4. Presenting the data: The methods you chose to present the data can make findings more interesting or powerful. People use graphs, tables, and various diagrams to show relationships between data. With this information, Timmy could present compelling arguments using his analysis so that he and his business partners can discuss the most profitable possibilities for the pizza shop.

Applications of Statistics

Other than individuals and small businesses owners like Timmy who conducted their own studies, there are some entities who thrive on statistics. Here are a few major examples.

Government Agencies

The government uses statistics to make decisions about populations, health, education, etc. It may conduct research on education to check the progress of high schools students using a specific curriculum or collect characteristic information about the population using a census.

Science and Medicine

The medical field would be far less effective without research to see which medicines or interventions work best and how the human bodies react to treatment. Medical professionals also perform studies by race, age, or nationality to see the effect of these characteristics on health.


Although this is attached to both the science and medical field, success in psychology would be impossible without the systematic study of human behavior, often analyzing results statistically.


Teachers are encouraged to be researchers in their classrooms, to see what teaching methods work on which students and understand why. They also should evaluate test items to determine if students are performing in a statistically expected way. At all levels of education and testing there are statistical reports about student performance, from kindergarten to an SAT or GRE.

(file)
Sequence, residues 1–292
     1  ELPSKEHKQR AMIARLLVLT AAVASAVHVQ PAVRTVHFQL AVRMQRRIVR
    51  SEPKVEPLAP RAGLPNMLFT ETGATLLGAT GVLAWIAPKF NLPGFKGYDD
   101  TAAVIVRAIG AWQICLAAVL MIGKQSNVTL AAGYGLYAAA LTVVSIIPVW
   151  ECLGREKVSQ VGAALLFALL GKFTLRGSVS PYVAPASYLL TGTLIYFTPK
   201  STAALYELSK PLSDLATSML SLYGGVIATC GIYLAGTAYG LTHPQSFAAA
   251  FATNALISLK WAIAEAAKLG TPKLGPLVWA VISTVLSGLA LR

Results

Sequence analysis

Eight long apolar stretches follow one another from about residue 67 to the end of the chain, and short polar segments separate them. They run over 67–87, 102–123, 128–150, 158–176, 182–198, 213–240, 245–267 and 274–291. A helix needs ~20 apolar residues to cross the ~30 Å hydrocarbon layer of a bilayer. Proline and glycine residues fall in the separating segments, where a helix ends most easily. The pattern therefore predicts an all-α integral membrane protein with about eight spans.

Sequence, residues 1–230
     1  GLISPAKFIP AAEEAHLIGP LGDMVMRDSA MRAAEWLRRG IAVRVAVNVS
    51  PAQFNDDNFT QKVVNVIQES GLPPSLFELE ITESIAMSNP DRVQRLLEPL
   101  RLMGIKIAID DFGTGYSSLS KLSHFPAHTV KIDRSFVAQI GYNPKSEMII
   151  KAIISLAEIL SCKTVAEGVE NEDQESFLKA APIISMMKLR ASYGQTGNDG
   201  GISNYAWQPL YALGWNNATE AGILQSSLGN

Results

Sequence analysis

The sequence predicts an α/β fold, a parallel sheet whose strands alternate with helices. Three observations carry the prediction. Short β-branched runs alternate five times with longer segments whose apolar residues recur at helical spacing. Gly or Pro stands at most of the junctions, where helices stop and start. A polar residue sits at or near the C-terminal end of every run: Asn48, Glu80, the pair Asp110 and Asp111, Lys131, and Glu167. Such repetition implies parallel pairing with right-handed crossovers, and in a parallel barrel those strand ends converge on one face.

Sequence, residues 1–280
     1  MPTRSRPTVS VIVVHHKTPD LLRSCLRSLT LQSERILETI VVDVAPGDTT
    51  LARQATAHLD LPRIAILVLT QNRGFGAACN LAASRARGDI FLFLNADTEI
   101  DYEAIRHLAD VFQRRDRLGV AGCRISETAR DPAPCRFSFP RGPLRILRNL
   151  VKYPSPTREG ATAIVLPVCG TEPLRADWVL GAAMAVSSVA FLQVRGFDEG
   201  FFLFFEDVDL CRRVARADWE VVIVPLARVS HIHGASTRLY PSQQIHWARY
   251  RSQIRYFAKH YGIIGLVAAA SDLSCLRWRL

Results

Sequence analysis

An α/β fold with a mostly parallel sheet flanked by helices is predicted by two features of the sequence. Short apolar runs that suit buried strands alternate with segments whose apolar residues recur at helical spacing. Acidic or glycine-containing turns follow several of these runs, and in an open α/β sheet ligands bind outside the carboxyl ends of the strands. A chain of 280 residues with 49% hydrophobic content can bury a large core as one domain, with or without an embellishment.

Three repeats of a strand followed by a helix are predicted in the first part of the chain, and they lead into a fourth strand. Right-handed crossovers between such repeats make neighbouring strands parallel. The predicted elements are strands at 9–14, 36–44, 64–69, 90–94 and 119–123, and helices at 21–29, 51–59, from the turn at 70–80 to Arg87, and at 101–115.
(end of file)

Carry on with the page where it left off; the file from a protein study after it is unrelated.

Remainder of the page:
Large Companies

Every large company employs its own statistical research divisions or firms to research issues related to products, employees, customer service, etc. Business success relies on knowing what is working and what isn't.

Three Major Statistical Measures

In many cases, basic statistical analysis can be done by using three main concepts: the mean, the median, and the mode.


The mean is the mathematical average. For example, a laundromat may conduct a study to see how many people use a machine each day, then calculate the average for each week.

  • Sun: 105
  • Mon: 50
  • Tues: 40
  • Wed: 50
  • Thurs: 70
  • Fri: 80
  • Sat: 95

The mean is the sum of the items divided by the number of items. In this case, we have seven items, so: mean = (105 + 50 + 40 + 50 + 70 + 80 + 95) / 7 = 70 people


The mode is the number that occurs most frequently in the data set. If we first organize the data in ascending order we get: 40, 50, 50, 70, 80, 95, 105. You can see 50 is the mode because it occurs twice while every other number occurs just once.